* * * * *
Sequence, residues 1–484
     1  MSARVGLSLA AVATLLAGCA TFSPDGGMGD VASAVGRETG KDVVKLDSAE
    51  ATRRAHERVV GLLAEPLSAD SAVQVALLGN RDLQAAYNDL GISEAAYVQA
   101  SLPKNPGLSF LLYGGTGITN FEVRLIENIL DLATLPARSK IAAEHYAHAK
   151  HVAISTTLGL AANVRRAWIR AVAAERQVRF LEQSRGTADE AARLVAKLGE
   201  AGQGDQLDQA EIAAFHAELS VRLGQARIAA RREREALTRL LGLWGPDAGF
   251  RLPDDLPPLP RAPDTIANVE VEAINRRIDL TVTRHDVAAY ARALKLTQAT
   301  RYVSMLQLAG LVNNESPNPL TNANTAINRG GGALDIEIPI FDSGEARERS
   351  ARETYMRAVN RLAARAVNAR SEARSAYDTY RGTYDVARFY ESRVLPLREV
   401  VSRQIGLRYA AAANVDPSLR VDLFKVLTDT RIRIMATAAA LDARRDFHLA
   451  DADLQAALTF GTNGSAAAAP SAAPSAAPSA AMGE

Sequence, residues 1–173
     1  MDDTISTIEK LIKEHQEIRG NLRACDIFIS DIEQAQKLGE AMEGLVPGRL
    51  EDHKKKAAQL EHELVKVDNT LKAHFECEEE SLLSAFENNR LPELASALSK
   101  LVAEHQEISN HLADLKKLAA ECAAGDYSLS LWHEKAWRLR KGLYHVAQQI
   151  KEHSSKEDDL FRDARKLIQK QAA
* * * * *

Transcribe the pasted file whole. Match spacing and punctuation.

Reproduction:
Sequence, residues 1–484
     1  MSARVGLSLA AVATLLAGCA TFSPDGGMGD VASAVGRETG KDVVKLDSAE
    51  ATRRAHERVV GLLAEPLSAD SAVQVALLGN RDLQAAYNDL GISEAAYVQA
   101  SLPKNPGLSF LLYGGTGITN FEVRLIENIL DLATLPARSK IAAEHYAHAK
   151  HVAISTTLGL AANVRRAWIR AVAAERQVRF LEQSRGTADE AARLVAKLGE
   201  AGQGDQLDQA EIAAFHAELS VRLGQARIAA RREREALTRL LGLWGPDAGF
   251  RLPDDLPPLP RAPDTIANVE VEAINRRIDL TVTRHDVAAY ARALKLTQAT
   301  RYVSMLQLAG LVNNESPNPL TNANTAINRG GGALDIEIPI FDSGEARERS
   351  ARETYMRAVN RLAARAVNAR SEARSAYDTY RGTYDVARFY ESRVLPLREV
   401  VSRQIGLRYA AAANVDPSLR VDLFKVLTDT RIRIMATAAA LDARRDFHLA
   451  DADLQAALTF GTNGSAAAAP SAAPSAAPSA AMGE

Sequence, residues 1–173
     1  MDDTISTIEK LIKEHQEIRG NLRACDIFIS DIEQAQKLGE AMEGLVPGRL
    51  EDHKKKAAQL EHELVKVDNT LKAHFECEEE SLLSAFENNR LPELASALSK
   101  LVAEHQEISN HLADLKKLAA ECAAGDYSLS LWHEKAWRLR KGLYHVAQQI
   151  KEHSSKEDDL FRDARKLIQK QAA